That's the same age range in which lupus, Sjögren's and schizophrenia vulnerabilities differ by sex, Kamitaki said.
The results align with previous observations by other groups that severe early-onset lupus is sometimes associated with a complete lack of complement proteins, that lupus flare-ups can be linked to drops in complement protein levels and that a common gene variant associated with lupus affects the C3 receptor.
"There were all these medical hints," said McCarroll. "Human genetics helps put those hints together."
The bulk of the findings arose from analyses of whole genomes from 1,265 people along with single nucleotide polymorphism (SNP) data from 6,700 people with lupus and 11,500 controls.
C4 genes and proteins come in two types, C4A and C4B. The researchers found that having more copies of the C4A gene and higher levels of C4A proteins was associated with greater protection against lupus and Sjögren's, while C4B genes had a significant but more modest effect. On the other hand, C4A was linked with increased risk of schizophrenia, while C4B had no effect on that illness.
In men, common combinations of C4A and C4B produced a 14-fold range of risk for lupus and 31-fold range of risk for Sjögren’s, compared to only 6-fold and 15-fold ranges in women, respectively.
The researchers didn't expect the genes' effects to be so strong.
There were all these medical hints. Human genetics helps put those hints together.
"Large genetic effects tend to come from rare variants, while common gene variants generally have small effects," said McCarroll. "The C4 gene variants are common, yet they are very impactful in lupus and Sjögren’s."
Still, complement genes don't tell the full story of lupus, Sjögren's or schizophrenia risk, none of which are caused entirely by genetics.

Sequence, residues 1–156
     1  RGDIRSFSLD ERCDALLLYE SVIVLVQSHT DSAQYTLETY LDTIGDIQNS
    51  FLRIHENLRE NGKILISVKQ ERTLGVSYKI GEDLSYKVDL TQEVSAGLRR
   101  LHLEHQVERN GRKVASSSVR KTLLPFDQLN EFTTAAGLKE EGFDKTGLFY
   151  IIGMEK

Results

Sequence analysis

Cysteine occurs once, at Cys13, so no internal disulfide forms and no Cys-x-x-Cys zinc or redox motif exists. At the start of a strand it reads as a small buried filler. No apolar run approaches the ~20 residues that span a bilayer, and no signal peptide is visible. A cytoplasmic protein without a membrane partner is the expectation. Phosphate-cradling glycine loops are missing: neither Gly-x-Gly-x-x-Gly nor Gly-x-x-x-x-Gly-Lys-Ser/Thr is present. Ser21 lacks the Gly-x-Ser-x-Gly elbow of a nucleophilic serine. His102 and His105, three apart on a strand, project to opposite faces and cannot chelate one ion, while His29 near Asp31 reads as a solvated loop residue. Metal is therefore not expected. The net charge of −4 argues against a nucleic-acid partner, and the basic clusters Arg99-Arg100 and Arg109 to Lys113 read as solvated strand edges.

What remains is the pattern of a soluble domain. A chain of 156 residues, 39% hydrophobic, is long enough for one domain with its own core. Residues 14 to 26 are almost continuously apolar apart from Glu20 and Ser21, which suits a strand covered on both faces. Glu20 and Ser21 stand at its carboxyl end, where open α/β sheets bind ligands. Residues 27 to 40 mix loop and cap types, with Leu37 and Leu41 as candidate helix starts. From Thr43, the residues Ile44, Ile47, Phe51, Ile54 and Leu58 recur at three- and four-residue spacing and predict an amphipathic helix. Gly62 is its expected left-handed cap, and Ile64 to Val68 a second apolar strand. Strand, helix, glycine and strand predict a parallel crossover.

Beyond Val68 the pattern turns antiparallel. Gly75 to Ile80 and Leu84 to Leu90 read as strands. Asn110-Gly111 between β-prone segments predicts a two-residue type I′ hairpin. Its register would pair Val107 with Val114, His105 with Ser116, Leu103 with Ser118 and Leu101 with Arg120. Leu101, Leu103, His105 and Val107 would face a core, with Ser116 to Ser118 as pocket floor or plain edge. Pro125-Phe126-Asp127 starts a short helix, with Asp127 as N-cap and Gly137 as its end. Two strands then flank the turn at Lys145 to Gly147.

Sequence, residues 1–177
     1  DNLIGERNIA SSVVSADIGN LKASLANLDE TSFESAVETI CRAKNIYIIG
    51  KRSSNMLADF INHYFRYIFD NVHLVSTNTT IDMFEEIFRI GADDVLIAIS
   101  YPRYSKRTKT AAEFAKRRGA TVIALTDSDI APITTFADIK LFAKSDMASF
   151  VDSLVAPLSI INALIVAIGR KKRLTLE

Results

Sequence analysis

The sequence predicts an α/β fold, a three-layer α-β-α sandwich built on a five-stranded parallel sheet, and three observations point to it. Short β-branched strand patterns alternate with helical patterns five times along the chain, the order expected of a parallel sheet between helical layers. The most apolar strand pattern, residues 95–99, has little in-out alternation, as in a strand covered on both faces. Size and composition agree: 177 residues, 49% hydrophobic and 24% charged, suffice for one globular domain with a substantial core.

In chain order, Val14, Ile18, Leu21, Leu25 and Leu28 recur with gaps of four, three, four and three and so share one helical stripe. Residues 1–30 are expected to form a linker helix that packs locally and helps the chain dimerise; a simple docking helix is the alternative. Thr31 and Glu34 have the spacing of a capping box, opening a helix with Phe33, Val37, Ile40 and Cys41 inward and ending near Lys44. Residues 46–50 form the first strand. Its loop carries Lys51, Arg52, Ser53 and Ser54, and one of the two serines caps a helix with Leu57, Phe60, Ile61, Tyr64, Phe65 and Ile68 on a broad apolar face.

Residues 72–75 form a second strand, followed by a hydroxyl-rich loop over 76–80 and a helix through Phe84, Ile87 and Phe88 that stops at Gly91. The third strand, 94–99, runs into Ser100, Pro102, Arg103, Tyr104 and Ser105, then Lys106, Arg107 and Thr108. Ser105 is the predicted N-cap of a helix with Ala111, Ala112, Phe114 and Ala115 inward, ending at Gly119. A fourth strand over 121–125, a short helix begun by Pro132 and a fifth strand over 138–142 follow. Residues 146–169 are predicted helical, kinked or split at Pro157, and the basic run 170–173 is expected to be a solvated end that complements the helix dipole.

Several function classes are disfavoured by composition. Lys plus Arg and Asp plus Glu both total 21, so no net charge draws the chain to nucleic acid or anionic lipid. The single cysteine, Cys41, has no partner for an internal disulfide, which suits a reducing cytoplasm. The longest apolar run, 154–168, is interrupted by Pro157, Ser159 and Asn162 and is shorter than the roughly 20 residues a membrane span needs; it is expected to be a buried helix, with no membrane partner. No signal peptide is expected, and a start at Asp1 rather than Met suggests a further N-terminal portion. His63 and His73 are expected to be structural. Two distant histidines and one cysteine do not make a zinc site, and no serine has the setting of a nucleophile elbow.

"The complement system contributes to the sex bias, but it's only one of probably many genetic and environmental contributors," said Kamitaki.
Complement genes and another family of immune-related genes, called human leukocyte antigen or HLA genes, are interspersed throughout the same complex stretch of the human genome. HLA variants have been shown to raise risk of developing other autoimmune diseases, including type 1 diabetes, celiac disease and rheumatoid arthritis, and researchers had long believed that something similar was happening with lupus and Sjögren's.
The culprit, however, remained stubbornly hard to pin down, because specific variants in HLA genes and C4 genes always seemed to appear together in the same people.
Kamitaki and colleagues overcame this hurdle by analyzing DNA from a cohort of several thousand African American research participants. The participants' DNA contained many more recombinations between complement and HLA genes, allowing the researchers to finally tease apart the genes' contributions.
"It became quite clear which gene was responsible," said McCarroll. "That was a real gift to science from African American research participants."
The discovery provides further proof that the field of genetics would benefit from diversifying the populations it studies, the authors said.
"It will really help for genetics to expand more strongly beyond European ancestries and learn from genetic variation and ancestries all over the world," said McCarroll.
"Our paper shows the real value in being inclusive in large-scale genetic studies," agreed Vyse. "The paper solves a 40-year controversy in systemic lupus erythematosus genetics and shows clearly that too little C4 and too much HLA promote systemic autoimmunity."
C4 variation could contribute to sex-based vulnerabilities in other diseases not yet analyzed, the authors said. It's not yet clear whether C4 pertains to the sex bias seen in COVID-19.
"We don't know the mechanism yet for why men seem to get sicker from COVID-19," said McCarroll. "Complement molecules are potentially important in any immune or inflammatory condition, and in COVID-19, it seems the immune response can be part of a downward spiral in some patients. But we don’t know the key details yet."
It will really help for genetics to expand more strongly beyond European ancestries and learn from genetic variation and ancestries all over the world.
It also remains to be seen how the differing effects of complement genes apply to people with intersex traits, also known as disorders or differences of sex development, who don't always fit textbook genetic or biological definitions of male and female.
"That is important to understand," said McCarroll.
This work was supported by the National Institutes of Health/National Human Genome Research Institute (grant HG006855), NIH/National Institute of Mental Health (grants MH112491, MH105641 and MH105653), Stanley Center, and National Institute for Health Research Biomedical Research Centre at Guy's and St Thomas' NHS Foundation Trust and King's College London.
The study included the participation of the schizophrenia working group of the Psychiatric Genomics Consortium.